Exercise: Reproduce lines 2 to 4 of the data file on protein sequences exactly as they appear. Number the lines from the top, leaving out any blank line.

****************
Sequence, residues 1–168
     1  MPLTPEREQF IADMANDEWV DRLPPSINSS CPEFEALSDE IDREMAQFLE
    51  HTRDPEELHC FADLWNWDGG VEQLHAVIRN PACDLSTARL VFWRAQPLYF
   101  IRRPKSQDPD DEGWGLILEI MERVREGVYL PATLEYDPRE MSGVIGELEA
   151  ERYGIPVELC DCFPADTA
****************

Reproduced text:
     1  MPLTPEREQF IADMANDEWV DRLPPSINSS CPEFEALSDE IDREMAQFLE
    51  HTRDPEELHC FADLWNWDGG VEQLHAVIRN PACDLSTARL VFWRAQPLYF
   101  IRRPKSQDPD DEGWGLILEI MERVREGVYL PATLEYDPRE MSGVIGELEA